What they did
This is a report by, Simon Burgess, Robert Metcalfe, and Sally Sadoff on a large scale study conducted in the UK on the effects of financial and non-financial incentives on GCSE scores (GCSEs are UK qualifications usually taken around age 16 and usually involving exams), involving over 10,000 students in 63 schools being given cash or ‘non-financial incentives’. ‘Non-financial incentives’ did not stretch as far as a pat on the back or encouragement given by caring teachers – this was about giving tickets for appealing events. The rewards were given not for getting good results but for particular behaviours the researchers felt should be useful proxies for effective study: specifically, attendance, conduct, homework, and classwork. None of the incentives were huge rewards to those already possessing plenty of creature comforts but, for poorer students, they might have seemed substantial. Effectiveness of the intervention was measured in terminal grades. The researchers were very thorough and were very careful to observe limitations and concerns. It is as close to an experimental design as you can get in a messy real-world educational intervention, with numbers that are sufficient and diverse enough to make justifiable empirical claims about the generalizability of the results.
What they found
Rewards had little effect on average marks overall, and it made little difference whether rewards were financial or not. However, in high risk groups (poor, immigrants, etc) there was a substantial improvement in GCSE results for those given rewards, compared with the control groups.
The only thing that does surprise me a little is that so little effect was seen overall, but I hypothesize that the reward/punishment conditions are so extreme already among GCSE students that it made little difference to add any more to the mix. The only ones that might be affected would be those for whom the extrinsic motivation is not already strong enough. There is also a possibility that the demotivating effects for some were balanced out by the compliance effects for others: averages are incredibly dangerous things, and this study is big on averages.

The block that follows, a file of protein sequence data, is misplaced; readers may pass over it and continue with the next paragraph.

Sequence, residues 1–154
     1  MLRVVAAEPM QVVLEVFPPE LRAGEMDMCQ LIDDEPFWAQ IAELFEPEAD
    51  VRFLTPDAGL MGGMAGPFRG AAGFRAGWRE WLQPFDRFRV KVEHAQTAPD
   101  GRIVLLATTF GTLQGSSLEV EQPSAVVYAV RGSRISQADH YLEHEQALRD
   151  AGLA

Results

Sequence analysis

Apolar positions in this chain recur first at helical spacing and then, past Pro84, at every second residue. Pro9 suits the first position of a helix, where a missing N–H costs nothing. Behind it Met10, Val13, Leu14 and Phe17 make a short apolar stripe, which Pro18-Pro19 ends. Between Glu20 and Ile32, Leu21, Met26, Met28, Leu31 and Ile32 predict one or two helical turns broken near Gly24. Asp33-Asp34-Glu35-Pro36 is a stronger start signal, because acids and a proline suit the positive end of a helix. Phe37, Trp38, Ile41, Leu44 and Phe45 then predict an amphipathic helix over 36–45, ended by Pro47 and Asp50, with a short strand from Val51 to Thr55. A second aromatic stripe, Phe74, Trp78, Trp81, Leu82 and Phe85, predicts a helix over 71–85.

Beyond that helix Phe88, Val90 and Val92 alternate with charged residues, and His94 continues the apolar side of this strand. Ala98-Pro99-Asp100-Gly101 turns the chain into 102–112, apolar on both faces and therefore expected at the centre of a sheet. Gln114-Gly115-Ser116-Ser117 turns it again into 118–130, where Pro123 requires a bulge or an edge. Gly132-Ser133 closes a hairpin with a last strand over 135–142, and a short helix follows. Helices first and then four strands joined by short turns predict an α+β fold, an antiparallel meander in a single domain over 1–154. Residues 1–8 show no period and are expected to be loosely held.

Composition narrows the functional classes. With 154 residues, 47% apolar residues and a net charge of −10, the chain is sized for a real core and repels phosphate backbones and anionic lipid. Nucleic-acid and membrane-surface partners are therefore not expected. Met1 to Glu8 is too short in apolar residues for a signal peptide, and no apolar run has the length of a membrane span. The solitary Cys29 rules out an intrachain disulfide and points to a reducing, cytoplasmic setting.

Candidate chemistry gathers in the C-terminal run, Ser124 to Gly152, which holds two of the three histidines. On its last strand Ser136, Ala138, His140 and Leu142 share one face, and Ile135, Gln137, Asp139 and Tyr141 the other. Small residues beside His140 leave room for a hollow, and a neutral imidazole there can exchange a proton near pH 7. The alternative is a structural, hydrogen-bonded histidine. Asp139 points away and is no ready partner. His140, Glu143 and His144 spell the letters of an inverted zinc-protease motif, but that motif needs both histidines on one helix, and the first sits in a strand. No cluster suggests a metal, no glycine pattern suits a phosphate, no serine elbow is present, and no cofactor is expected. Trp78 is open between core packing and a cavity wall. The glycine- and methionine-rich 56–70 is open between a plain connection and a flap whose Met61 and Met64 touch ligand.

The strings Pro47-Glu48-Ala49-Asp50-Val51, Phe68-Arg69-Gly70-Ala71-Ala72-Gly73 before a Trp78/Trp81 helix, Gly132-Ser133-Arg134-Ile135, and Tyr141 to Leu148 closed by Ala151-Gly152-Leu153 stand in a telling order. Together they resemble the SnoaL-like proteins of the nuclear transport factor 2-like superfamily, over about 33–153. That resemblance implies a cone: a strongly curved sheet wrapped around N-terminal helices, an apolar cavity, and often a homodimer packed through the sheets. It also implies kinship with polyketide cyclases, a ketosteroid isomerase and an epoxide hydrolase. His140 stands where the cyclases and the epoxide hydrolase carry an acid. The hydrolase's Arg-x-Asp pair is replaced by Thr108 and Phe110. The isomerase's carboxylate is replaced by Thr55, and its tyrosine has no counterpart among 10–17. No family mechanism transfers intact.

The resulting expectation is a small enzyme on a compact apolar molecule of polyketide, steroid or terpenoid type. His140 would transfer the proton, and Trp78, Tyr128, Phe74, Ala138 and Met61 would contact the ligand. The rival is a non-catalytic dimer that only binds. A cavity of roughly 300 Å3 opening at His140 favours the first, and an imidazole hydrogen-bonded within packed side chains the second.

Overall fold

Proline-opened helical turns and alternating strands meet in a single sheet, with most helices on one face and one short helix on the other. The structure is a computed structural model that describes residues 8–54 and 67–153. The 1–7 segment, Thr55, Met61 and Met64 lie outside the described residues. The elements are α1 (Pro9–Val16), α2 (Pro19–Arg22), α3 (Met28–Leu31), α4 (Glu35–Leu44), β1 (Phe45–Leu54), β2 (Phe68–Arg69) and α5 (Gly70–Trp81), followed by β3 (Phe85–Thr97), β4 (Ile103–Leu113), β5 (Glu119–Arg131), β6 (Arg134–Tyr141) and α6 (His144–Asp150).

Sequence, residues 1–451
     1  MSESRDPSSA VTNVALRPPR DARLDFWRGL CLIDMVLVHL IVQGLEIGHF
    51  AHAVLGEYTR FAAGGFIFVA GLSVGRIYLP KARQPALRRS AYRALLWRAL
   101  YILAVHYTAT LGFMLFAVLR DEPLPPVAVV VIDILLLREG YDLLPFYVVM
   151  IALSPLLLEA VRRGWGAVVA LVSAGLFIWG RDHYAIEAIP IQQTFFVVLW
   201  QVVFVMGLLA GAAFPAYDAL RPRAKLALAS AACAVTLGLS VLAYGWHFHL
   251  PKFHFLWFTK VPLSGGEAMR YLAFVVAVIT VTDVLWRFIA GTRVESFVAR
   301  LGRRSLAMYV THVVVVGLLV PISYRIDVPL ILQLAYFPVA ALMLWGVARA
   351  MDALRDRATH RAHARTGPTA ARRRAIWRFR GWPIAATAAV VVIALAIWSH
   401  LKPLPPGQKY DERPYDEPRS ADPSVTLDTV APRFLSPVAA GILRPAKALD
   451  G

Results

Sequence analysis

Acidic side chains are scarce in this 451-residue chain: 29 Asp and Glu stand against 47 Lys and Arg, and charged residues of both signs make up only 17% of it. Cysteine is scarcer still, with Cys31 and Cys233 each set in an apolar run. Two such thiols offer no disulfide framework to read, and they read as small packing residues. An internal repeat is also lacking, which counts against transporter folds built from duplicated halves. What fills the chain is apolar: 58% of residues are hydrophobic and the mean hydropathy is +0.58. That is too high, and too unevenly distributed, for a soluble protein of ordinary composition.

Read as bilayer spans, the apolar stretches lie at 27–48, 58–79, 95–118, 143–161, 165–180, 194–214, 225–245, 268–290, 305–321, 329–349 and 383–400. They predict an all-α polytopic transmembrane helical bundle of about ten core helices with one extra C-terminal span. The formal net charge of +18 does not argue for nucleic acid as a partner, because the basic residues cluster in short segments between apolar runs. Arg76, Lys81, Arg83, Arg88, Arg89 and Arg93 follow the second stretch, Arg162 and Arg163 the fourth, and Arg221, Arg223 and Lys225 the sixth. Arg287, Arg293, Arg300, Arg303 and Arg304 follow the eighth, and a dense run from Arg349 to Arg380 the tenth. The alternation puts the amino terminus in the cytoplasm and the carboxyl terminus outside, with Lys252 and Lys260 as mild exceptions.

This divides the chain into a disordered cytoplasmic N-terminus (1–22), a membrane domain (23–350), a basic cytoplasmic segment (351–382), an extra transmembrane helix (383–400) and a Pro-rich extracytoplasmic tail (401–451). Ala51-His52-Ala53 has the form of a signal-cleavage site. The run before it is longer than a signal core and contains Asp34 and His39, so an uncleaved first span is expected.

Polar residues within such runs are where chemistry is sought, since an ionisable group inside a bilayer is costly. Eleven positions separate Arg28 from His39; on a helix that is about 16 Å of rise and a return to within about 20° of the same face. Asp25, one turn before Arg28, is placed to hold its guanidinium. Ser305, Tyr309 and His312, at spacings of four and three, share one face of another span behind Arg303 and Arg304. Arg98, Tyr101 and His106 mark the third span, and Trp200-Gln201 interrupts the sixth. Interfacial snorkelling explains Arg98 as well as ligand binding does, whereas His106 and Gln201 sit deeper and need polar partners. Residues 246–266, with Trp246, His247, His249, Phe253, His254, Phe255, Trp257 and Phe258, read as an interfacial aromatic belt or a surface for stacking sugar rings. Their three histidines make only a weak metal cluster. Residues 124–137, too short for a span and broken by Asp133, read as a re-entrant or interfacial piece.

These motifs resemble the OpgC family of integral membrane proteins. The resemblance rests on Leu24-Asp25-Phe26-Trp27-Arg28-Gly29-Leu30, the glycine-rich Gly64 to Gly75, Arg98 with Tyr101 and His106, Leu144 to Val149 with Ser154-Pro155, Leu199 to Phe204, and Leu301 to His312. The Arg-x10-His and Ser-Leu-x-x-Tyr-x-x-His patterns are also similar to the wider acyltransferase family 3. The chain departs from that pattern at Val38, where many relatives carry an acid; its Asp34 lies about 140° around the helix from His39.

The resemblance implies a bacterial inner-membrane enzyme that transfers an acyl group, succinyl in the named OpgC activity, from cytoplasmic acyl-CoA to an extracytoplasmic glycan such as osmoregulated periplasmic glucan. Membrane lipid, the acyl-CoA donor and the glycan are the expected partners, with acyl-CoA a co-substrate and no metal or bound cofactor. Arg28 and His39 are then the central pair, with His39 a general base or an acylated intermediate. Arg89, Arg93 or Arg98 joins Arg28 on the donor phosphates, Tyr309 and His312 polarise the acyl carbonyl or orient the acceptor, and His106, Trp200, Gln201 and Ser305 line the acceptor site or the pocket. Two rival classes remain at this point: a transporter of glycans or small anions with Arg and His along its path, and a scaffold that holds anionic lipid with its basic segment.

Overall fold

What makes me sad is that there appears to be no sense of surprise or moral outrage about this basic premise in this report.
It appears reasonable at first glance: who would not want kids to be more successful in their exams? When my own kids had to do this sort of thing I would have been very keen on something that would improve their chances of success, and would be especially keen on something that appears to help to reduce systemic inequalities. But this is not about helping students to learn or improving education: this is completely and utterly about enforcing compliance and improving exam results. The fact that there might be a perceived benefit to the victims is a red herring: it’s like saying that hitting dogs harder is good for the dogs because it makes them behave better than hitting them gently. The point is that we should not be hitting them at all. It’s not just morally wrong, it doesn’t even work very well, and only continues to work at all if you keep hitting them. It teaches students that the end matters more than the process, that learning is inherently undesirable and should only done when there is a promise of a reward or threat of punishment, and that they are not in charge of it.
The inevitable result of increasing rewards (or punishments – they are functionally equivalent) is to further quench any love of learning that might be left at this point in their school careers, to reinforce harmful beliefs about how to learn, and to further put students off the subjects they might have loved under other circumstances for life. In years to come people will look back on barbaric practices like this much as we now look back at the slave trade or pre-emancipation rights for women.
Studies like this make me feel a bit sick.
Address of the bookmark: http://www.efm.bris.ac.uk/economics/working_papers/pdffiles/dp16678.pdf